Sequencing-based interrogation of gut microbiota is a valuable approach for detecting microbes associated with colorectal cancer (CRC); however, such studies are often confounded by the effect of bowel preparation. In this study, we evaluated the viability of identifying CRC-associated mucosal bacteria through centimeter-scale profiling of the microbiota in tumors and adjacent noncancerous tissue from eleven patients who underwent colonic resection without preoperative bowel preparation. High-throughput 16S rRNA gene sequencing revealed that differences between on- and off-tumor microbiota varied considerably among patients. For some patients, phylotypes affiliated with genera previously implicated in colorectal carcinogenesis, as well as genera with less well-understood roles in CRC, were enriched in tumor tissue, whereas for other patients, on- and off-tumor microbiota were very similar. Notably, the enrichment of phylotypes in tumor-associated mucosa was highly localized and no longer apparent even a few centimeters away from the tumor. Through short-term liquid culturing and metagenomics, we further generated more than one-hundred metagenome-assembled genomes, several representing bacteria that were enriched in on-tumor samples.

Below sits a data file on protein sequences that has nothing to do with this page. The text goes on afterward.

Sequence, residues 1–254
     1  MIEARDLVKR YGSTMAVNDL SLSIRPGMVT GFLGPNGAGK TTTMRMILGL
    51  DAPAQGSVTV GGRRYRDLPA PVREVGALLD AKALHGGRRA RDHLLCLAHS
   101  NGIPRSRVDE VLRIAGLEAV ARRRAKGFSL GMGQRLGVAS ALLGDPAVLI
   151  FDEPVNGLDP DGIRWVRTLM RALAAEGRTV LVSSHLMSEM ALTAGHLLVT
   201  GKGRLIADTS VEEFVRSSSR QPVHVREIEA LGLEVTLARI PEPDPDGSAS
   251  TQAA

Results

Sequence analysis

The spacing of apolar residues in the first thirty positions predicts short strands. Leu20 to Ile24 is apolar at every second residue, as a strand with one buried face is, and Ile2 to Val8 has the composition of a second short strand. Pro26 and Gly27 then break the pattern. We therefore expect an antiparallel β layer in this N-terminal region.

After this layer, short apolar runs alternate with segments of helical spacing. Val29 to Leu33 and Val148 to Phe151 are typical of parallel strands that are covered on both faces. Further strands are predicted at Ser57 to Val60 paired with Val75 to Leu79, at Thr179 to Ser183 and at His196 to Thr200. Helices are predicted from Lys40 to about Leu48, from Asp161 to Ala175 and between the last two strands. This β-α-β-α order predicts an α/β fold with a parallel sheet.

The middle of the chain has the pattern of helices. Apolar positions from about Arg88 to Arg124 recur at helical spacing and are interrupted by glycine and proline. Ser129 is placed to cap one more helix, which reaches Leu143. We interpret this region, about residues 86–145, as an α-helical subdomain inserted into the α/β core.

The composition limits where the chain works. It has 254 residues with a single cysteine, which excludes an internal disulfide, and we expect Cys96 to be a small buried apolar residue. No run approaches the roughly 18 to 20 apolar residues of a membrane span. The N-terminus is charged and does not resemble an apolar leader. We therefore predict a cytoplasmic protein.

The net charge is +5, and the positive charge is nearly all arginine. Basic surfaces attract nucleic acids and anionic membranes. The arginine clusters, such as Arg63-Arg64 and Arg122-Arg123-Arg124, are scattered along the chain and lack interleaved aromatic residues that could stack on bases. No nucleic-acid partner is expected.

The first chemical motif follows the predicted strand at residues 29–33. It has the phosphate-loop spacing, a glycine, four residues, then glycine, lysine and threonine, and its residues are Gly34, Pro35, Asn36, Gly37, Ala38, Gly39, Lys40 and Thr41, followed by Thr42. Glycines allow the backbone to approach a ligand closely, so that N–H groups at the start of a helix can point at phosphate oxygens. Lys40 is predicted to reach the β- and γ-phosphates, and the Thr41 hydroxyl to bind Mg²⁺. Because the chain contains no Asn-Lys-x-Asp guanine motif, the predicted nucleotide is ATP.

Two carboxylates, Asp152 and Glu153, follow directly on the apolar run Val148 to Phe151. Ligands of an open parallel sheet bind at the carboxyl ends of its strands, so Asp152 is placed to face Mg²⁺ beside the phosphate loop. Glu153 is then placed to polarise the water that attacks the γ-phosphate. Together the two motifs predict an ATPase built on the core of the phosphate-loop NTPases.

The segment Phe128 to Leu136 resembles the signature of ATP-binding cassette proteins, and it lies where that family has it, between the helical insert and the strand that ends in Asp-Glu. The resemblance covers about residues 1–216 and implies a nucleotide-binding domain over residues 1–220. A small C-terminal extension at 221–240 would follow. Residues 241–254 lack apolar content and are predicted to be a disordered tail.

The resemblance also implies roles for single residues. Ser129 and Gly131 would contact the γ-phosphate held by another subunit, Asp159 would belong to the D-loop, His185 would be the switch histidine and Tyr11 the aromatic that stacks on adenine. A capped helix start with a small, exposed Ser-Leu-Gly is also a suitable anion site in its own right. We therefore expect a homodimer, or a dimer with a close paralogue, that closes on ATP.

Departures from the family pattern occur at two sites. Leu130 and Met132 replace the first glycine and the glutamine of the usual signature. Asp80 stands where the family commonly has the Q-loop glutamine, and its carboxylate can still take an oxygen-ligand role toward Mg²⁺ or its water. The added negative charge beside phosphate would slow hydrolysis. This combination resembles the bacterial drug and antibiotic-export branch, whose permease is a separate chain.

This is one of the first studies to analyze largely unperturbed mucosal microbiota in tissue samples from the resected colons of unprepped CRC patients. Future studies with larger cohorts are expected to clarify the causes and consequences of the observed variability in the emergence of tumor-localized microbiota among patients.
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